A Charlie Hebdo journalist, Laurent Léger said in a 2012 interview, “And if some people are not happy with this, they can sue us and we can defend ourselves. That’s democracy. You don’t throw bombs, you discuss, you debate.” But how do you debate hate that is protected as civil discourse and freedom of speech? How does a person of color debate in court their rights and the violations of such when France doesn’t even keep racial demographic statistics? How do you address these fanatical issues of racism and White supremacy (i.e., that 200 girls stolen from school are welfare queens) which are considered to be “discourse”, “debates” or even intelligently assembled? To elaborate on Ta-Nehisi Coates, it’s the privilege and weakness of Whiteness: to live in a world of myth(s) built upon unchallenged and uniformed thought, often of one’s own creation and be confident in the assumption and expectation that you should – and will – be taken seriously. It’s the privilege of French Whiteness to mourn the loss or perceived loss of the privilege to demean French minorities, lest they have to be considerate and rigorous in their assertions. It’s the privilege of Whiteness around the world to fear this fear for French Whiteness, lest they suffer the same fate in their own racially stratified countries.

I spoke with a woman yesterday that I interviewed for an upcoming article that I’m writing, ironically, on racism in Paris. It was a tense day for her. Surrounded by grieving, mostly White people at her job, Céline* stepped outside to whisper into her cellphone. “The White people are all mourning and I am too, but I look at this differently. Charlie Hebdo has done nothing but make fun of Black people, Islam, Algerians,” she said, rushing through her words. “This needs a nuanced look because my humanity is under assault everyday, in the French system and this press which thinks that they have to make political statements by humiliating Black people and North Africans.”

And I can’t help but to think of the people that I interviewed, in 2006 and 2014, that feel so completely shut out of French society and how this only speaks to their invisibility. In an effort to combat this pervasive feeling, a the hashtag, #JeSuisAhmed is gaining ground, named after Ahmed Merabet, the North African police officer that was killed point-blank by one of the gunmen during the rampage.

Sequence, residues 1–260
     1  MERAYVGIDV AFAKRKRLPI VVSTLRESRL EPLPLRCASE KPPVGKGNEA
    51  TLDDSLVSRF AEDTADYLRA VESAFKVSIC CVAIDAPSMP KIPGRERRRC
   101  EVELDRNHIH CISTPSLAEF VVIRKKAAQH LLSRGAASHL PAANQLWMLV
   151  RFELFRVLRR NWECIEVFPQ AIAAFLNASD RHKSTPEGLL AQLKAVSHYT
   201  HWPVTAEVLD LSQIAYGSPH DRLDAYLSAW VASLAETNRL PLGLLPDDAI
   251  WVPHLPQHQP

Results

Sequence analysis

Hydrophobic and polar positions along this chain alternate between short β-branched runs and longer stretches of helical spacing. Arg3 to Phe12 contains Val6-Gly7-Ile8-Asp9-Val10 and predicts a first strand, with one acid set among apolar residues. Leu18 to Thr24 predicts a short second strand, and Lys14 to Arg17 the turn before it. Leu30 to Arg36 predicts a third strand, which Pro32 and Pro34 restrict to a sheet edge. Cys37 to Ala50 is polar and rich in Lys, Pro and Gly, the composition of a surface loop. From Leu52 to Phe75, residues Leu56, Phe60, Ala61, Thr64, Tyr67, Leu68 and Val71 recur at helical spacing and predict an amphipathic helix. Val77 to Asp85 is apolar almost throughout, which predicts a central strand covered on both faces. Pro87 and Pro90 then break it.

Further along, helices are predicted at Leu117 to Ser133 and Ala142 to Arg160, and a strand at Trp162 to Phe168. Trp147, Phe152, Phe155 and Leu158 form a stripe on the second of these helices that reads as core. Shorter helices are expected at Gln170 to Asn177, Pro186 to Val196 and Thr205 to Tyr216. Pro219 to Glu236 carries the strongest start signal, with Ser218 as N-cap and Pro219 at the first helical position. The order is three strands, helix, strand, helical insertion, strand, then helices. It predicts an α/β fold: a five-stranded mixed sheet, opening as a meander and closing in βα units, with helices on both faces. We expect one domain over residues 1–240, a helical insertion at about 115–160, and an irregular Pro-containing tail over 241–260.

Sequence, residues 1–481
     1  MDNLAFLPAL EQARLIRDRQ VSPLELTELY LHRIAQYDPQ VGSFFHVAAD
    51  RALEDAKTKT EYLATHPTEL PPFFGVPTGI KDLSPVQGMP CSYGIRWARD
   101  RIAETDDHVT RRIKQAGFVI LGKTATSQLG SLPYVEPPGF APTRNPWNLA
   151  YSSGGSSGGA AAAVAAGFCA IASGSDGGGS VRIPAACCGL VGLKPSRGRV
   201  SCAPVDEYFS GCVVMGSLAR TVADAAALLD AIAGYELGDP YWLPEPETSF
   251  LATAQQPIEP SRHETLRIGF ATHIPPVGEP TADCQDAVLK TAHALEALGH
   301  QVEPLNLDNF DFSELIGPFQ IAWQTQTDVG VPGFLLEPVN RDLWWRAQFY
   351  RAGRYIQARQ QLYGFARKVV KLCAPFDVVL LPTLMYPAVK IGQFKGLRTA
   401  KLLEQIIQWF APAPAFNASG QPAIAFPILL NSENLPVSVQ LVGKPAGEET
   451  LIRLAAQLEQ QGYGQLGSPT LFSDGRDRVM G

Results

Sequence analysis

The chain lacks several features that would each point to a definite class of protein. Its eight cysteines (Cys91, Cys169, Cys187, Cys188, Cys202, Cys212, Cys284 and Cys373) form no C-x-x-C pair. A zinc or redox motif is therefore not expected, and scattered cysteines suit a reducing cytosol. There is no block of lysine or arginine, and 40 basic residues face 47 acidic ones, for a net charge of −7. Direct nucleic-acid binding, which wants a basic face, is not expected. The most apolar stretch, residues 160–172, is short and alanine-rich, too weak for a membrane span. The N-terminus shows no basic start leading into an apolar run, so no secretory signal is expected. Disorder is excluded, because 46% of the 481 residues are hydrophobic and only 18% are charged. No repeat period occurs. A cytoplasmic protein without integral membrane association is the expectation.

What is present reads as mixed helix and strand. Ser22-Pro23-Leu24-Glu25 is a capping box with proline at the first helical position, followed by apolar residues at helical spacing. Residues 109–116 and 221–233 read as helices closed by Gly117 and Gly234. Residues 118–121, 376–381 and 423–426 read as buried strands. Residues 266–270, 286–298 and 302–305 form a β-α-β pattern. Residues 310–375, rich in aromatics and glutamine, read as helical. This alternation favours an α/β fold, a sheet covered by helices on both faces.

Je ne suis pas Charlie

je ne suis pas charlie copy

Some hope that it will to help stem the tide of anti-Muslim violence that people are expecting in the wake of this attack and also recognize that a Muslim man was a victim as well, killed for protecting the right of the writers of Charlie Hebdo to diminish, devalue and mock him. Those fears are not unfounded, as several mosques in France have been attacked in the wake of the Charlie Hebdo attack. And continuing the trend of ignorance, in the video below, Don Lemon asks a Muslim human rights lawyer if he supported ISIS after his repeated denouncements of all forms of religious extremism, including Christianity’s: (at the 4:50 mark)

Muslims around the world, on social media and in news outlets are being burdened with the responsibility of denouncing the attacks of Brown Muslims in Paris. Newsweek declares, “Moderate Muslims must speak out.” Why should a minority of people be burdened with speaking for over one billion people that are at this moment, making sandwiches, praying or doing whatever else mundane things make up life, lived daily? Yet, White Christians are not expected to speak to the atrocities and ideologies of the KKK, the Crusades, the “discovery of the Americas”, the American Tea Party and other entities that speak and commit violence in the name of God?

Because.

Because no matter how insipid or egregious the offense, White privilege can and often is invoked to disassociate one’s White self from the White collective. The individual is invoked and dispatched like an airlift out of the messy reflection on the ramifications of Whiteness. Thus it’s possible to have the world rallying to protect Charlie Hebdo and stand in solidarity with the magazine and not have a conversation about how to change it for the better, so that it can actually represent free speech and spirited discourse that does not rely on humiliating religious, racial and sexual minorities. Charlie Hebdo, with the help of Google, French newspapers and a few other unnamed media companies, will run next week. Of course the edition will sell out. Of course it will be characterized as defiance in the face of tyranny, which it is in some ways and I respect them for that, refusing to be silenced by extremism. But unless a real conversation takes place about the rampant racism and hate in French society and Charlie Hebdo‘s role in perpetuating such, Charlie Hebdo continues to live in a world of myth, of unchallenged racial, religious and cultural assumptions and tyranny which asks French minorities to sacrifice their dignity and equality for a good rire. Because freedom of (widely distributed hate) speech.

*obviously not homegirl’s name

Correction: An earlier draft had “suis” misspelled as “sais”, which is equally clever, but an accident made in haste. My apologies for the confusion. My response to the comments can be found in the follow up article, “A Confederacy of Colorblinds: Charlie Hebdo and French Racism“.